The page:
“Of course it must,” Humpty Dumpty said with a short laugh: “My name means the shape I am — and a good handsome shape it is, too. With a name like yours, you might be any shape, almost.”

[And then, this discussion of words and their meanings . . . ]

“When I use a word,” Humpty Dumpty said in rather a scornful tone, “it means just what I choose it to mean — neither more nor less.”

“The question is,” said Alice, “whether you can make words mean so many different things.”

“The question is,” said Humpty Dumpty, “which is to be master — that’s all.”

Alice was too much puzzled to say anything, so after a minute Humpty Dumpty began again. “They’ve a temper, some of them — particularly verbs, they’re the proudest — adjectives you can do anything with, but not verbs — however, I can manage the whole lot of them! Impenetrability! That’s what _I_ say!”

“Would you tell me, please,” said Alice, “what that means?”

“Now you talk like a reasonable child,” said Humpty Dumpty, looking very much pleased. “I meant by ‘impenetrability’ that we’ve had enough of that subject, and it would be just as well if you’d mention what you mean to do next, as I suppose you don’t mean to stop here all the rest of your life.”

“That’s a great deal to make one word mean,” Alice said in a thoughtful tone.

“When I make a word do a lot of work like that,” said Humpty Dumpty, “I always pay it extra.”

“Oh!” said Alice. She was too much puzzled to make any other remark.

Such silly nonsense. And so delightful.

(Blog post on the Creeping Past Dragons blog by Philip Martin, director of Great Lakes Literary and author of A Guide to Fantasy Literature.)


In a foreshadowing of Tolkien’s impressive elves (and C.S. Lewis’s terms for humans as sons of Adam and daughters of Eve), G.K. Chesterton described fairies as beings that humans look for  . . . “in acorns and on toadstools and wonder that you never see them.”

Instead, “if you would see a fairy as he truly is, look for his head above all the stars and his feet amid the floors of the sea.”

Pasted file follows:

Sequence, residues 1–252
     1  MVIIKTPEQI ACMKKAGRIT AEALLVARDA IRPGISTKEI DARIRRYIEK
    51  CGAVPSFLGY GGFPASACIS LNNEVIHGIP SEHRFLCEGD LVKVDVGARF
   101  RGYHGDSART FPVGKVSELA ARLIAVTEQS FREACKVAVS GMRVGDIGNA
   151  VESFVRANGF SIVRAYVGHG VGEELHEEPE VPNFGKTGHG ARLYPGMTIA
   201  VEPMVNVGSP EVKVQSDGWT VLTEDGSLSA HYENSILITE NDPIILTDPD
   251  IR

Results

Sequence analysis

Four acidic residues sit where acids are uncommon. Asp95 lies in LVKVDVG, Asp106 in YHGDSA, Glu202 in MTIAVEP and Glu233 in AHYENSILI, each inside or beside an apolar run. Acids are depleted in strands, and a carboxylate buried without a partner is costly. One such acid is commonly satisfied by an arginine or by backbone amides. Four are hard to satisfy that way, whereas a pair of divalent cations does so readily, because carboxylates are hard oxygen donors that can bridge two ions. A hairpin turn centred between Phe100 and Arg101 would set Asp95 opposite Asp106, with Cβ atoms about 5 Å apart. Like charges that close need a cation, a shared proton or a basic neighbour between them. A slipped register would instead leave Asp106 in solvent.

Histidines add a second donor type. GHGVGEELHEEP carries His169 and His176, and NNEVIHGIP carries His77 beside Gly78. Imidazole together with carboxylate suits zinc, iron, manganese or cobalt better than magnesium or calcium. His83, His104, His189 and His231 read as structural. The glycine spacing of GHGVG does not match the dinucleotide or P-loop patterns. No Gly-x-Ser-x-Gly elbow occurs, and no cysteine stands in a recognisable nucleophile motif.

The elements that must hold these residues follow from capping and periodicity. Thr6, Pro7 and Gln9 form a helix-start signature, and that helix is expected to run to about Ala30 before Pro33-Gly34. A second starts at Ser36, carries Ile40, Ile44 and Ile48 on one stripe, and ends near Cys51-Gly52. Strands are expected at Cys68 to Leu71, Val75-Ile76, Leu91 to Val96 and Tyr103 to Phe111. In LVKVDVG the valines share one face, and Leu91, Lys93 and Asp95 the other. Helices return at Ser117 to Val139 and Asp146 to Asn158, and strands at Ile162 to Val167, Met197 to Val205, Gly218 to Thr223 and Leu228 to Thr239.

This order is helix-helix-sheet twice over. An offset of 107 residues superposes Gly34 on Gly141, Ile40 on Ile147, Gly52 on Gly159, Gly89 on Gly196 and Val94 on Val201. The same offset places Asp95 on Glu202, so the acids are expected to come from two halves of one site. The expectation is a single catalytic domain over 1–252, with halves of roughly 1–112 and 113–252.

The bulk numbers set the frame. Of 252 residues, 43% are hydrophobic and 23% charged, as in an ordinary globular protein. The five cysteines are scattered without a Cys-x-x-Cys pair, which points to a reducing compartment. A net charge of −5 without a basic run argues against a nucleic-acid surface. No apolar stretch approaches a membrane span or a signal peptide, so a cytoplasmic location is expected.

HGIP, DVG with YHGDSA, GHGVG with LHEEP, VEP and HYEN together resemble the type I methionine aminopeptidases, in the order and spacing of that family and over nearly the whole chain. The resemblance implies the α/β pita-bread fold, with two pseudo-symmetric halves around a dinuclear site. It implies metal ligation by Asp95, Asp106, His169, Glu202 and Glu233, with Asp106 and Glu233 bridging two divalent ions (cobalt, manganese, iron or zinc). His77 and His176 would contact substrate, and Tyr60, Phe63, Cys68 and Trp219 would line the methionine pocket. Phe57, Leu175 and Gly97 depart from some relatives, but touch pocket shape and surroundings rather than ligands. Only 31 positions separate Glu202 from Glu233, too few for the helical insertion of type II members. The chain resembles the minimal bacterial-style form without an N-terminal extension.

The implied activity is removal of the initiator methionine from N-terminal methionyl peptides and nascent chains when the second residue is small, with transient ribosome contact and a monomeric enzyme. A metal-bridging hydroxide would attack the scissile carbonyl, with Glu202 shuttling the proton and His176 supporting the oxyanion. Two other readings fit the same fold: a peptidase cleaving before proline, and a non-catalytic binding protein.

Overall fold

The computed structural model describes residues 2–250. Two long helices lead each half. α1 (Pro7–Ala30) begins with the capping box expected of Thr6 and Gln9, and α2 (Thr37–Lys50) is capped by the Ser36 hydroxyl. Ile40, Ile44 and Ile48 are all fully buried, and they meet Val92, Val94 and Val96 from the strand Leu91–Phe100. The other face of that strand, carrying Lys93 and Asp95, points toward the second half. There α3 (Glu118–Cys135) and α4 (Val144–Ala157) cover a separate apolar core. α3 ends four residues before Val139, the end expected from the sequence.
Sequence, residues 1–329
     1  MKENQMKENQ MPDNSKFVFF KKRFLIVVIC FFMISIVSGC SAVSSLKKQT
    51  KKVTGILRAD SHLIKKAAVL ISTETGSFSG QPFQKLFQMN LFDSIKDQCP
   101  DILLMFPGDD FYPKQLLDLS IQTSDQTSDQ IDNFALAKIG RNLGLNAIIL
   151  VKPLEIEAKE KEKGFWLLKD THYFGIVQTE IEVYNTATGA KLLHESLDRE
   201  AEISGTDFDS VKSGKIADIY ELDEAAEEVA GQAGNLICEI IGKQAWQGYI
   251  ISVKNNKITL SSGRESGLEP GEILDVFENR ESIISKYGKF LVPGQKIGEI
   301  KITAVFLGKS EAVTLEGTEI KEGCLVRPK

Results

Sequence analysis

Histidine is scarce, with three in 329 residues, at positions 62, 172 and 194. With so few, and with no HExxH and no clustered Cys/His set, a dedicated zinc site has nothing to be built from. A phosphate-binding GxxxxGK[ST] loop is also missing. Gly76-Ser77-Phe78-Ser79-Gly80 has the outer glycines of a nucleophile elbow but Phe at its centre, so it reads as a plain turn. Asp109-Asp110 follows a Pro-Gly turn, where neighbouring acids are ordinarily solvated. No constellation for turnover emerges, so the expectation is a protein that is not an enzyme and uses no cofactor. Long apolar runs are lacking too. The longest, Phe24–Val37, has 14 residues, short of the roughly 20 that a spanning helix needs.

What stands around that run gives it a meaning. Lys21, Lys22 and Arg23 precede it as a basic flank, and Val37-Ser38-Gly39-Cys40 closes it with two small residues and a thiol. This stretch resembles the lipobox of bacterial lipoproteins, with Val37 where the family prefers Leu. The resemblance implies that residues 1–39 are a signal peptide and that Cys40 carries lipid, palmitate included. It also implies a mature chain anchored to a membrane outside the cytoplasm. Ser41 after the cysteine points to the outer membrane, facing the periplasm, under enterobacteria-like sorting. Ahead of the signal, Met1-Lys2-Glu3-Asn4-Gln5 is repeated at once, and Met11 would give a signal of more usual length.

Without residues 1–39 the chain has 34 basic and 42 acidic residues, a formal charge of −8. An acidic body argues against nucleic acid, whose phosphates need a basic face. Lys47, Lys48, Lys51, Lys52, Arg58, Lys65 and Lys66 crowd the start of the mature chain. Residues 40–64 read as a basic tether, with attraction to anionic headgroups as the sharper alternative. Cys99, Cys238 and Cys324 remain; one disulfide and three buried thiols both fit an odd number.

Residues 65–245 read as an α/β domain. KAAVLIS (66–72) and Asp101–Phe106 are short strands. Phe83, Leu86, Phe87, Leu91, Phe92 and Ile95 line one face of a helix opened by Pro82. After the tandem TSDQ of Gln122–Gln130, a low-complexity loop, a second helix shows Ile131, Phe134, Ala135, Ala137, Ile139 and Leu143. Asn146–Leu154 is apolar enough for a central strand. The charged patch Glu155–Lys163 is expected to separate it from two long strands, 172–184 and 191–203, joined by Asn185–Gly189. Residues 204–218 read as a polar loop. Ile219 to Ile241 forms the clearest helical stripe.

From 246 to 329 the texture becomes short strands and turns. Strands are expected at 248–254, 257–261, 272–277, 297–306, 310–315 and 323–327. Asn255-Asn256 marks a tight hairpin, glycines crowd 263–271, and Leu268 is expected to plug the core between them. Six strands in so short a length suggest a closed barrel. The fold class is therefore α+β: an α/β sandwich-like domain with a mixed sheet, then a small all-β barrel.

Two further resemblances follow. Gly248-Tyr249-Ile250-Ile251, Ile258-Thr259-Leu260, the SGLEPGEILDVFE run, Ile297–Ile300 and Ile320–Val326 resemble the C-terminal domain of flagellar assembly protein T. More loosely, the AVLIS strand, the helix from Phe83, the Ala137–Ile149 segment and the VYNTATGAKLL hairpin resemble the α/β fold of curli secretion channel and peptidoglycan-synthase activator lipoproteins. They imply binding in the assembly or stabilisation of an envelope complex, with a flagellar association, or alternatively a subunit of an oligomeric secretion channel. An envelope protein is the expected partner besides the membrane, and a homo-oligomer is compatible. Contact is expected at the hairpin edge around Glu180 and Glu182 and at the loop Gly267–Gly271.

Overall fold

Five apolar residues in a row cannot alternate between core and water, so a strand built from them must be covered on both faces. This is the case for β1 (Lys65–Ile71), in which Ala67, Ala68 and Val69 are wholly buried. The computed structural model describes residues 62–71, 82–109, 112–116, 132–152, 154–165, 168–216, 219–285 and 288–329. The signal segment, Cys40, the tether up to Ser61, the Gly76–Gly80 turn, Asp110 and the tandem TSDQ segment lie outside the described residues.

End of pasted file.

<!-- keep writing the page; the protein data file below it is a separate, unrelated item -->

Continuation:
Here’s the opening scene to a play by G.K. Chesterton, Magic: A Fantastic Comedy (published 1913).

It begins in a “plantation of thin young trees, in a misty and rainy twilight.” A Stranger appears, “a cloaked figure with a pointed hood.” A woman, named Patricia, appears on stage, singing, then sees the stranger:

PATRICIA. Oh! Who are you?

STRANGER. Ah! Who am I? [Commences to mutter to himself, and maps out the ground with his staff.]

I have a hat, but not to wear;
I wear a sword, but not to slay,
And ever in my bag I bear
A pack of cards, but not to play.

PATRICIA. What are you? What are you saying?

STRANGER. It is the language of the fairies, O daughter of Eve.

PATRICIA. But I never thought fairies were like you. Why, you are taller
than I am.

STRANGER. We are of such stature as we will. But the elves grow small,
not large, when they would mix with mortals.

PATRICIA. You mean they are beings greater than we are.

STRANGER. Daughter of men, if you would see a fairy as he truly is, look
for his head above all the stars and his feet amid the floors of the
sea. Old women have taught you that the fairies are too small to be
seen. But I tell you the fairies are too mighty to be seen. For they are
the elder gods before whom the giants were like pigmies. They are the
Elemental Spirits, and any one of them is larger than the world. And you
look for them in acorns and on toadstools and wonder that you never see

PATRICIA. But you come in the shape and size of a man?

STRANGER. Because I would speak with a woman.